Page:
“It Wasn’t Me, It Was Lil Johnny!” Wisconsin District Court Holds Third-Party Publication Triggers Prior Publication Exclusion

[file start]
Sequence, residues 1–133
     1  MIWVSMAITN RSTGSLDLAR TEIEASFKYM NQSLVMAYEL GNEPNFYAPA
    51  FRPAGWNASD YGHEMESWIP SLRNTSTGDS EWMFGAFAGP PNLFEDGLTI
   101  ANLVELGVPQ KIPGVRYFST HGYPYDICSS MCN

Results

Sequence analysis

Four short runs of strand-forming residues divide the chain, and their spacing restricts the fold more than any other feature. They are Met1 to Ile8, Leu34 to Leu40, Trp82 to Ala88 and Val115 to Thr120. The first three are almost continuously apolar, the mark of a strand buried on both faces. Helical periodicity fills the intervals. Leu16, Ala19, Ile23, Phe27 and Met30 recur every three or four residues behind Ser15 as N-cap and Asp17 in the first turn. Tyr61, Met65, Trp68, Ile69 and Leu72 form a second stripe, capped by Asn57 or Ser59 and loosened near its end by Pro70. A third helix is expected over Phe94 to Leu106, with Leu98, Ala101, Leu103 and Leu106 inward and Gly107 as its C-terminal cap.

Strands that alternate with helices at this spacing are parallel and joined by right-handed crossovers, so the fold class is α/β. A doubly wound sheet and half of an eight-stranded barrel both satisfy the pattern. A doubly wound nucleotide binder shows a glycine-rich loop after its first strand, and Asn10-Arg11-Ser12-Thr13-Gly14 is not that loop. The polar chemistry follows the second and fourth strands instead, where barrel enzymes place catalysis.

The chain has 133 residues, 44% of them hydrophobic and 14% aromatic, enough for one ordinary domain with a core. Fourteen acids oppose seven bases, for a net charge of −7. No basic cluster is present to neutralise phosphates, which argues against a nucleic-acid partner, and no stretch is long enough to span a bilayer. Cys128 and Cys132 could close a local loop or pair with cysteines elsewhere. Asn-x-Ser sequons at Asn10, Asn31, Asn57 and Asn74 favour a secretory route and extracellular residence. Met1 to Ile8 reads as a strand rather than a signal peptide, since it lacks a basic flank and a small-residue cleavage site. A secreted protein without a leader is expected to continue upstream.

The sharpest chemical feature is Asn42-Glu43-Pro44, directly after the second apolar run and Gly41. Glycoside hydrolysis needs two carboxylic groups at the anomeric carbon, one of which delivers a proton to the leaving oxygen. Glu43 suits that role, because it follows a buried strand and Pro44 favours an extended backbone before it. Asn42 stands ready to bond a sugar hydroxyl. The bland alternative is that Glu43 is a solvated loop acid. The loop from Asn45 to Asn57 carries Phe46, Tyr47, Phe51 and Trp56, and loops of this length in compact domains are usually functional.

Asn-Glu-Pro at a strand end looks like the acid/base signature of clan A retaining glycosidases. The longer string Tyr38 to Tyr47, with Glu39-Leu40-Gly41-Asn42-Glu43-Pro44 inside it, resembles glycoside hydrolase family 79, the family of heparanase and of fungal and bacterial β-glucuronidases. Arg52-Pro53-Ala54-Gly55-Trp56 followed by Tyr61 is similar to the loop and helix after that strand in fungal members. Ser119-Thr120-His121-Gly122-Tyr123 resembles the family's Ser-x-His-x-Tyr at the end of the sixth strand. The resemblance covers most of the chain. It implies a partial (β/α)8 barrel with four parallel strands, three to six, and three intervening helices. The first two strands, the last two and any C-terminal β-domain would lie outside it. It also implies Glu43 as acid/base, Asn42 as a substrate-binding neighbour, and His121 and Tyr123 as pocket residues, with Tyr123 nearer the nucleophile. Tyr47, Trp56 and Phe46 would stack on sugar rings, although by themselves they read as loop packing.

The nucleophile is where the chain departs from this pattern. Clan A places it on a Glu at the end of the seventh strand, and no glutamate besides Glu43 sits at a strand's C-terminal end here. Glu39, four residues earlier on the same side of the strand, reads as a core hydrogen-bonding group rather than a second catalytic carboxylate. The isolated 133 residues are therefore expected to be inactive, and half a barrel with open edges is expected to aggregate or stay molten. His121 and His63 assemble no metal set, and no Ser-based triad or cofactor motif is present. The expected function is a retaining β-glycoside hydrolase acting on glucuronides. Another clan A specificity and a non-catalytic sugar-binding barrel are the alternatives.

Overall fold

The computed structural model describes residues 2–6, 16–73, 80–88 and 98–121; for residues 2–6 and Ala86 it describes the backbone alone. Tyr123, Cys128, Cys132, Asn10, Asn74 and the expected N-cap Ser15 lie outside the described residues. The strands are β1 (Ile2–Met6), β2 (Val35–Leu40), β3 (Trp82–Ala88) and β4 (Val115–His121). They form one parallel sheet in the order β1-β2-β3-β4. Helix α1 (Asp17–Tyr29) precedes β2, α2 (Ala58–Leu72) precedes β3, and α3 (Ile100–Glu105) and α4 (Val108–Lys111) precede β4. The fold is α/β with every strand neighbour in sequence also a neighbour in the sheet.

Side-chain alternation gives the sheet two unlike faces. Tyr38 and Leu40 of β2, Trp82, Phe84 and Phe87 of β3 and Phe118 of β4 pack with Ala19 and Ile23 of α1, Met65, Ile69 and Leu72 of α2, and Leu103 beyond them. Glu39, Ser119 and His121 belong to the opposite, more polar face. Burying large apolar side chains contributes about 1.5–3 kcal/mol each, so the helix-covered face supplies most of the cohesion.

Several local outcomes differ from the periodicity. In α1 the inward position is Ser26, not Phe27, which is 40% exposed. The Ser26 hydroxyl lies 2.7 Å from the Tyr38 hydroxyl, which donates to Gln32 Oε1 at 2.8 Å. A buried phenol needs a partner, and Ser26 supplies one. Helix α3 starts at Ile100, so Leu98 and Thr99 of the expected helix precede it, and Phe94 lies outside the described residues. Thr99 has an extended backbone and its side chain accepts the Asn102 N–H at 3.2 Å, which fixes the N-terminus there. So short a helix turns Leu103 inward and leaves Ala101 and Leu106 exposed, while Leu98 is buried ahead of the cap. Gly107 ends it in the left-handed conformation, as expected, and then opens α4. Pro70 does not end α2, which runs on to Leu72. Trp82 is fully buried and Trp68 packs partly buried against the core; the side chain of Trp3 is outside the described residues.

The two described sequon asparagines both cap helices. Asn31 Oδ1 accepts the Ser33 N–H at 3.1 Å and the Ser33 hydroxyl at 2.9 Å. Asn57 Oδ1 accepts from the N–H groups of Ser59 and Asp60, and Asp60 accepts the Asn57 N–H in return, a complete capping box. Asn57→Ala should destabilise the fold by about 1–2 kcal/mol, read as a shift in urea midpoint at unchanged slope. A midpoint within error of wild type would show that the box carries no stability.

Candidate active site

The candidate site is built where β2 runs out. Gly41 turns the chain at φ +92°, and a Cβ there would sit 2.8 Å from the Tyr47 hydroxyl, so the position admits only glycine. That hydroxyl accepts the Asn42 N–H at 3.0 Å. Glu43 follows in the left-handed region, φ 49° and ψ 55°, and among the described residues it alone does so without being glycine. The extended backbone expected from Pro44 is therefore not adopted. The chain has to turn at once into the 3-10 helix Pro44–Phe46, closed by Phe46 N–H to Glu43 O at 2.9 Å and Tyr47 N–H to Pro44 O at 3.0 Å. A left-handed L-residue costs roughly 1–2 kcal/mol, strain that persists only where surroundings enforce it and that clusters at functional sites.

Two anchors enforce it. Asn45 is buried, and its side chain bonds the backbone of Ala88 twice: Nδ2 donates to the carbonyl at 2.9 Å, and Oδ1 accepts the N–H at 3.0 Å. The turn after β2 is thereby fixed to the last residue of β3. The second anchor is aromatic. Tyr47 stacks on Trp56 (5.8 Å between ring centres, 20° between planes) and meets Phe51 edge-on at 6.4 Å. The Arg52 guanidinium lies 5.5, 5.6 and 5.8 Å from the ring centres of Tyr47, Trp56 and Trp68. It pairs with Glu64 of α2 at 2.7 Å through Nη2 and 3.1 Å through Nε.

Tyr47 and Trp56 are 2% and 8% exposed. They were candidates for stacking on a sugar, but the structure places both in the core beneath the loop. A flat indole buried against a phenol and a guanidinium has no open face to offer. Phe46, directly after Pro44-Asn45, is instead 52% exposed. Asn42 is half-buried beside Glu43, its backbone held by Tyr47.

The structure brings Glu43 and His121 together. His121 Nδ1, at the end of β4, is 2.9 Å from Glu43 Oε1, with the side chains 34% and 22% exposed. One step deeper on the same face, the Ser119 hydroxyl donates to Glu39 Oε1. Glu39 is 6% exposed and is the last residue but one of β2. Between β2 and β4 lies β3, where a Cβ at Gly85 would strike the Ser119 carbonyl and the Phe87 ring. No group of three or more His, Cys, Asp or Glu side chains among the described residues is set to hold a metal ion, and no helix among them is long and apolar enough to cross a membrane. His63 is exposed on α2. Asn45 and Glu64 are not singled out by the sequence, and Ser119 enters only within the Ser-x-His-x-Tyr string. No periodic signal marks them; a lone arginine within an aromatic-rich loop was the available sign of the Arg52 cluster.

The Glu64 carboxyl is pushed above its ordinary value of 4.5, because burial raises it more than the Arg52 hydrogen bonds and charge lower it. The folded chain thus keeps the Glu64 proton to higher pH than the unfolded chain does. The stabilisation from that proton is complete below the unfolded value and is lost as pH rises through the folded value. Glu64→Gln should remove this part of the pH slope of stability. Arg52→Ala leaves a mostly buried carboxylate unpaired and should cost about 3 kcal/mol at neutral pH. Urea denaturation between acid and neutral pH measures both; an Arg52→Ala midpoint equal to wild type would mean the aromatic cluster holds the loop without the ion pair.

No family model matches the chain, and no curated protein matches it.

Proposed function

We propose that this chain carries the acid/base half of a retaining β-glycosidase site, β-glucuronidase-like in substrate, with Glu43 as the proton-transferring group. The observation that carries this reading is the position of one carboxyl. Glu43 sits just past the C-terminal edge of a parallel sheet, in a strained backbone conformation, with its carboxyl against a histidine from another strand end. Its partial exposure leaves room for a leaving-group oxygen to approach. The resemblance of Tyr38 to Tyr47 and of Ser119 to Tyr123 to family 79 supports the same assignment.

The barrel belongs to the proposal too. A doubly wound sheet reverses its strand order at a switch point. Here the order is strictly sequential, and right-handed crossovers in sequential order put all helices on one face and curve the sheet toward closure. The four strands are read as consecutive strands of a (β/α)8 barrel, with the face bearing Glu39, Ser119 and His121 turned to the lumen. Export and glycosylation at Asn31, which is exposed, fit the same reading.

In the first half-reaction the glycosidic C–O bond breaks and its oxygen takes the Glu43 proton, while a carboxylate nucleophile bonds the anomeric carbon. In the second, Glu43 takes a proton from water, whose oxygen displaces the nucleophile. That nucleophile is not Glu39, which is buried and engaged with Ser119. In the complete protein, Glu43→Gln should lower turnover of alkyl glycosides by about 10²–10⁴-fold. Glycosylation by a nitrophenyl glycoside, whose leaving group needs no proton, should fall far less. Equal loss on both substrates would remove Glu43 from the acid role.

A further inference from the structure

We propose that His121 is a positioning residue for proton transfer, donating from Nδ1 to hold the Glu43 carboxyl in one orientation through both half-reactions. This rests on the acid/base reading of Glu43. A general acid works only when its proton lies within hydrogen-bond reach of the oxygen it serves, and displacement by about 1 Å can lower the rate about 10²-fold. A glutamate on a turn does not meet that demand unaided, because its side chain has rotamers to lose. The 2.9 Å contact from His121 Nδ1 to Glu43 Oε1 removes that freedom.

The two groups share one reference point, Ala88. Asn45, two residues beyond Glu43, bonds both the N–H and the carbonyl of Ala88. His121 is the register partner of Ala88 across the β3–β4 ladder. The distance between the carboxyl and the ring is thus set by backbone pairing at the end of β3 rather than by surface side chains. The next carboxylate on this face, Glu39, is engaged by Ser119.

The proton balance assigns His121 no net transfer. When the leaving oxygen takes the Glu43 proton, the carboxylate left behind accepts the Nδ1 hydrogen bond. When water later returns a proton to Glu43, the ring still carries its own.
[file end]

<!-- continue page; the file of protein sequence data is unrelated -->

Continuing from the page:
In Design Basics LLC v. J & V Roberts Investments, Inc., No. 14-cv-1083-JPS, 2015 U.S. Dist. LEXIS 121372 (E.D. Wis. Sept. 11, 2015), the United States District Court for the Eastern District of Wisconsin determined, in pertinent part, that in a case involving allegations of copyright infringement, a commercial general liability insurer, Acuity A Mutual Insurance Company (Acuity), had no duty to defend because the prior publication exclusion barred coverage. The dispute arose when the plaintiffs, who are engaged in the business of publishing and licensing architectural plans and designs, sued J & V Roberts Investments, Inc. and James Roberts (collectively “the defendants”) for violations of the Copyright Act and Digital Millennium Copyright Act.  The defendants, who are in the business of marketing, constructing, and selling residential homes, allegedly infringed eight of the plaintiffs’ copyrighted architectural plans.  The defendants did not receive a license or authorization from the plaintiffs to use those architectural plans.  The homes built by J & V Roberts between 1989 and 2009 were based upon licensed plans received from Wausau Homes.  Notably, one of the plans licensed from Wausau was called the “Brookhaven,” an allegedly infringing plan.  The other seven plans were allegedly designed for J & V Roberts.  Plaintiffs, however, allege that the designs used by the defendants were in violation of their copyrights since 2002.  Plaintiffs first became aware of defendants’ violations in 2011 when they noticed that the website maintained by J & V Roberts prominently included their designs. Acuity, which had issued CGL and excess policies to J & V Roberts between 2001 and 2005, intervened in the action.  Acuity filed a motion for summary judgment seeking a ruling that it did not have the duty to defend or indemnify the defendants.  Significantly, plaintiffs only sought coverage for infringement of the “Brookhaven” plan in 2002 because the seven other infringing plans were not created until after the termination of the Acuity policies.  Acuity argued that the prior publication exclusion barred coverage because it was undisputed that Wausau Homes published the Brookhaven plan in 2000, before the inception of the first Acuity policy.  The plaintiffs countered that the exclusion was inapplicable since the publishing was done by Wausau Homes, an unrelated third-party.  The court, noting that this was an issue of first impression in Wisconsin, reviewed Seventh Circuit case law and determined that the exclusion was unambiguous and, therefore, did not except publishing done by a third-party.  This case has obvious tension with the groundbreaking Sony data breach decision out of New York, which holds that the insured, and not a third-party, must affirmatively and purposefully publish the offending material.  If appealed, how the Seventh Circuit resolves this question may have significant implications for Coverage B jurisprudence.

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